THROUGH THE LENS: From AmericanaFest to Thriving Roots — Americana’s Main Event Reinvents Itself for 2020
Guy Clark - AmericanaFest 2012 - Photo by Carol Graham
The Americana Music Association describes itself as a “professional trade organization whose mission is to advocate for the authentic voice of American Roots Music around the world.” Having been an active participant during the past decade, not only could I not agree more, but also I can attest that the Association has admirably achieved its lofty goals and continues to raise its already high bar. Its work throughout the year culminates in a weeklong series of activities each September: the Americana Music Festival & Conference and its Honors & Awards show. Collectively, it is commonly referred to as “AmericanaFest.”
However, as with everything else this year, AmericanaFest has had to reinvent itself. First, it’s gone virtual. Second, it’s scaled down from six days to three. Third, there will be no Honors & Awards show at the Ryman this month. Fourth, and this one hurts the most, Nashville will not be overrun by tens of thousands of roots music lovers from all over the world to hear over 300 artists perform over 1,000 sets in dozens of venues around town, from noon to way past midnight.
This year, the Association offers us “Thriving Roots: A Virtual Community Music Conference.” While it may be light on live music (though there will be quite a few “music breaks” throughout each day, with one evening of music scheduled), this year’s conference lineup is the most artist and music-lover friendly I have ever seen. Yes, there are sessions that are more “industry” oriented, but more than ever there are music and artist sessions that are extremely appealing. Panelists including Rhiannon Giddens, Emmylou Harris, Brandi Carlile, Rosanne Cash, Bonnie Raitt, Chris Thile, and Lucinda Williams, and Angela Davis, among many others, are by themselves worth the scaled-down registration fee. Tickets are still available and well worth it as we’ll all get the best seat in the house.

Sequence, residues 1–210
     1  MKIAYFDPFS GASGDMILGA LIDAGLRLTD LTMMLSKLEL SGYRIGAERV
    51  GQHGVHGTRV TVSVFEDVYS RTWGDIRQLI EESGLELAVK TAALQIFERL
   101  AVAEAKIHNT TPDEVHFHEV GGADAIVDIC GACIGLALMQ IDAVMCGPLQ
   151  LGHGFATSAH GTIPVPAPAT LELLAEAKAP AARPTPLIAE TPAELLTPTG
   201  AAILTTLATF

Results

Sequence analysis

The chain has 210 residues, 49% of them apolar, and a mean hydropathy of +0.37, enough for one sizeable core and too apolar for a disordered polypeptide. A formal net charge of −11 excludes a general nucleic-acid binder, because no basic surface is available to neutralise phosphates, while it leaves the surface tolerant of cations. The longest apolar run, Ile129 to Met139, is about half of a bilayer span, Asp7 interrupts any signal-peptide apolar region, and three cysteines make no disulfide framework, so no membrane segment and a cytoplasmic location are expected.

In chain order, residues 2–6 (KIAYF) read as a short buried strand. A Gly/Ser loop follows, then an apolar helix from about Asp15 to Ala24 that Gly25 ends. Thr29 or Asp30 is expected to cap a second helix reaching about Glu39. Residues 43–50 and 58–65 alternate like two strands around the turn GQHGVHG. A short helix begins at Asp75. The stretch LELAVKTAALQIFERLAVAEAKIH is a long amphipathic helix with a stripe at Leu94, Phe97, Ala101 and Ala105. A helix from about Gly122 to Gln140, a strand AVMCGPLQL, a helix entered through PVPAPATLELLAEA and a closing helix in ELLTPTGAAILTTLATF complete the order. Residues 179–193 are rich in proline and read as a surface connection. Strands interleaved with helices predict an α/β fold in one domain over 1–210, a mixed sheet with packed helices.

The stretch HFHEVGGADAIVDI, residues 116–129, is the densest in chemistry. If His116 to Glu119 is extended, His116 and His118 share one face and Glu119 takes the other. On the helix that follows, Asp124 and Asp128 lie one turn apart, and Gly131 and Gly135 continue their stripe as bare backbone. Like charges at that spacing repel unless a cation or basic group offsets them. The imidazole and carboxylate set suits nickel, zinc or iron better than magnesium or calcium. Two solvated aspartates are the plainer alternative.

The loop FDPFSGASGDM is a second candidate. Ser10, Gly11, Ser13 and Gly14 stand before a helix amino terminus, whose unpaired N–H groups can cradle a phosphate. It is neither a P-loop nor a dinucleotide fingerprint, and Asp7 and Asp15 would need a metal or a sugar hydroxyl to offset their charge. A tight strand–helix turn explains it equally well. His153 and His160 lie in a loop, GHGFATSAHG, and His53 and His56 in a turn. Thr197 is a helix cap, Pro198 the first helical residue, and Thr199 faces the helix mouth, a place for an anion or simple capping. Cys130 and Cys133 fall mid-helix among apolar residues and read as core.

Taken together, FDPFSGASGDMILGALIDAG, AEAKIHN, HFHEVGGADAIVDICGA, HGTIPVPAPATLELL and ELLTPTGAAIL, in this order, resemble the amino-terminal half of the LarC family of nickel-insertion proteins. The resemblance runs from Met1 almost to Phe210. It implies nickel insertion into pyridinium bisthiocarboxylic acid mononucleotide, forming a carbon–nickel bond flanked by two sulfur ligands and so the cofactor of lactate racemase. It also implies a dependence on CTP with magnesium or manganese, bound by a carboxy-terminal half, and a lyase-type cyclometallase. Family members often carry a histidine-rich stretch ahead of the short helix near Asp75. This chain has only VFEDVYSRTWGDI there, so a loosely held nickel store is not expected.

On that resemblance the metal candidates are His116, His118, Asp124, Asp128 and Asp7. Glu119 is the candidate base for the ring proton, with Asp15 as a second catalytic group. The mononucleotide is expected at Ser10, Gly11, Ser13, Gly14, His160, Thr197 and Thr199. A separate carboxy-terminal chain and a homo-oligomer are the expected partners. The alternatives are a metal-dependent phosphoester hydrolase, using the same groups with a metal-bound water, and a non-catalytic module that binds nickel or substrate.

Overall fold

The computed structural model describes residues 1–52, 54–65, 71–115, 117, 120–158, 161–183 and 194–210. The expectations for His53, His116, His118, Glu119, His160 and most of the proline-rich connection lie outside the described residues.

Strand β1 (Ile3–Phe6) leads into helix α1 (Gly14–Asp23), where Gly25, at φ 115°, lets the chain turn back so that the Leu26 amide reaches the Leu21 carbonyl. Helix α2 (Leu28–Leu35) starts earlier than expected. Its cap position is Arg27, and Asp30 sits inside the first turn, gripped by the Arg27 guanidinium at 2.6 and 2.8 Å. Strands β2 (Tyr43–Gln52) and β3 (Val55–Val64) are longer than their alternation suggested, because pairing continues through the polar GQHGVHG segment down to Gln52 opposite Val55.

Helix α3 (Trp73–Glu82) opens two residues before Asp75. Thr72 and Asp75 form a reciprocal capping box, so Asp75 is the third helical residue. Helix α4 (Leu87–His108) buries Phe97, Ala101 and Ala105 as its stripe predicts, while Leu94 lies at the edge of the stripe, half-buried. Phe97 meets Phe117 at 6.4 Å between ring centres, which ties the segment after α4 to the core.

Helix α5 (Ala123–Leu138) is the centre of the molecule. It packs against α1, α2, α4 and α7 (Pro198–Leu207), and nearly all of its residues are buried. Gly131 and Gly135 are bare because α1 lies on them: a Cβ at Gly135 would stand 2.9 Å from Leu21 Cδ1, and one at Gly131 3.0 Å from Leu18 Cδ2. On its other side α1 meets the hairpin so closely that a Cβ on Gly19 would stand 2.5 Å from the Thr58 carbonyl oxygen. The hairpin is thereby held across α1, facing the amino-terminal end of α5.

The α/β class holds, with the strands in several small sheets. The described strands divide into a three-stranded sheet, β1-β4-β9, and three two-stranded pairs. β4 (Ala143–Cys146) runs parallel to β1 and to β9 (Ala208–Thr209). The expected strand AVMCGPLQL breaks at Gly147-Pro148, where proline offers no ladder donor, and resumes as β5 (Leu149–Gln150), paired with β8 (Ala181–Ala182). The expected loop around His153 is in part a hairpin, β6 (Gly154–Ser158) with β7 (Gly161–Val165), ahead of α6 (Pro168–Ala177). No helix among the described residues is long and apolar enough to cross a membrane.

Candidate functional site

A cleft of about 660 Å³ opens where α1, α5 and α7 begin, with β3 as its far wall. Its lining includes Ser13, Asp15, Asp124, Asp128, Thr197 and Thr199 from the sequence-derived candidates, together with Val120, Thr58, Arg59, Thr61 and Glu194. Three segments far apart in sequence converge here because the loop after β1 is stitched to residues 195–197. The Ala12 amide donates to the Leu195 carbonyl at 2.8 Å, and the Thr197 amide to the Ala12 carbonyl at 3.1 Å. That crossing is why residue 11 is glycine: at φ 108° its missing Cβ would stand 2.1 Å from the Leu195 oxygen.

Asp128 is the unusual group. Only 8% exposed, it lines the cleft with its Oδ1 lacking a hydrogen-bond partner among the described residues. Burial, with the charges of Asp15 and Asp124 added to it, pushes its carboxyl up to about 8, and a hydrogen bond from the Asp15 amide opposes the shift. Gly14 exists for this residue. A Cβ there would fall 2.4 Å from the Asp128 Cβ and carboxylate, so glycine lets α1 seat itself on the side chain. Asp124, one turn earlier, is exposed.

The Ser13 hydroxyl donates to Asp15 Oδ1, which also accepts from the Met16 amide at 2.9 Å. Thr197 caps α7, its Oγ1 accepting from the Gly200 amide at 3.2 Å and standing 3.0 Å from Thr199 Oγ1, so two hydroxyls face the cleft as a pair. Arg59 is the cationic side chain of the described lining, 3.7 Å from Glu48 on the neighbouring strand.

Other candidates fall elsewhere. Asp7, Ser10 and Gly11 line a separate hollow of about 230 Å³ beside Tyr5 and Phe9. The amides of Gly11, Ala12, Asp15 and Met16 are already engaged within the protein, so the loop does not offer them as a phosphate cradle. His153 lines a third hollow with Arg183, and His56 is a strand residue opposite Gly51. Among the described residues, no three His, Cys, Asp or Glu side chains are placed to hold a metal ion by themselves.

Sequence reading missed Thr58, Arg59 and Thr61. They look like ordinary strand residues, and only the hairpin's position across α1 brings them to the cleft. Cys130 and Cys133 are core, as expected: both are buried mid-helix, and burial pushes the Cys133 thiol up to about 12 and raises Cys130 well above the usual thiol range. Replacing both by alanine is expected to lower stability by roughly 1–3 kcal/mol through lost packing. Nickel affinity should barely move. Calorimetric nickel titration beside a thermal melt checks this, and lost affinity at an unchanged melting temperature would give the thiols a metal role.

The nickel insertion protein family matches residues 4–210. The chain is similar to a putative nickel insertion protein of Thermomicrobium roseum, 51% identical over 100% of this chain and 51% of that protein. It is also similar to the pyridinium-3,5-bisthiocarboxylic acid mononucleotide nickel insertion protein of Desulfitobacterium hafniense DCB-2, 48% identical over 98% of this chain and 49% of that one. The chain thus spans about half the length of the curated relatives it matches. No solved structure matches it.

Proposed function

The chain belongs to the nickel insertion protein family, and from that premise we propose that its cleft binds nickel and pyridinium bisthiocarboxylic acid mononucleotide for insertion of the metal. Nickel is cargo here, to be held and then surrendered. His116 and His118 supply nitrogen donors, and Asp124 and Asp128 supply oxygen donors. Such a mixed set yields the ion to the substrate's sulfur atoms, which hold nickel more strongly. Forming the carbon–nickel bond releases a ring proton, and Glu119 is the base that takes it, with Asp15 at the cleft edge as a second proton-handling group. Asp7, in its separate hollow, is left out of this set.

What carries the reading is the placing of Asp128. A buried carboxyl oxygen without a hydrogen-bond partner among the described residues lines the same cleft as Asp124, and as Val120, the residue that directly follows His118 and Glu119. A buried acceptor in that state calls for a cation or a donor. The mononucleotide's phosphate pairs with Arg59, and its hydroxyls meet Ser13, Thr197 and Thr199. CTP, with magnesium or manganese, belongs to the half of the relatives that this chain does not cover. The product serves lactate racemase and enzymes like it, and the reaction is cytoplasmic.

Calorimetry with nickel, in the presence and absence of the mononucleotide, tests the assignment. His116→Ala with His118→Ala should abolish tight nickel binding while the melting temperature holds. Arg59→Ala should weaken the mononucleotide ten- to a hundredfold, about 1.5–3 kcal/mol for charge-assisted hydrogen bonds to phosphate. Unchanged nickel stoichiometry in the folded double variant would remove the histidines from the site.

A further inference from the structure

A DECADE OF MEMORIES
AmericanaFest is about the only time I get to see and hang out with many people I have grown close to over the years. From Rob Dickens from Australia to Scotland’s Carol Graham, who’s a regular contributor to this column, and everyone in between, I am going to miss everyone so much this year. I’ll also miss: the lack of sleep, scurrying around all over town trying to find a parking space, lugging my camera equipment from venue to venue, the heat of last year, losing 10 pounds, and writing up my yearly wrap-up article while running way past empty. It’s a drug-free weeklong high.
In lieu of my annual preview, here are some indelible memories from years gone by.
Robert Plant and Band of Joy (The Ryman, 2010)
Following the 2010 Honors & Awards show it was announced that folks might want to stick around for a special performance. Nearly all did, and what a way to end the night and begin a festival.
Hard Working Americans with Todd Snider and Elizabeth Cook (The Cannery, 2014)
This set still divides people. Snider and Cook had performed earlier that evening at the Honors & Awards show, but Snider was noticeably upset about something, leaving the stage before his song was over. Their scheduled set after the show started over an hour late, and the audience was getting restless, and apprehensive. Snider walked out on stage in the same “wife-beater” T-shirt he wore earlier, but with “Will Fuck For Trophy” written on it. What happened next was performance art — pure theater, not of the absurd, but one where Snider acted like a shaman, with Cook and band using every conjuring trick in the book to rile us, outrage us, seduce us. It was as though we were watching Hendrix coax the flames from his burning guitar to rise higher and higher, brighter and brighter until we became the flame.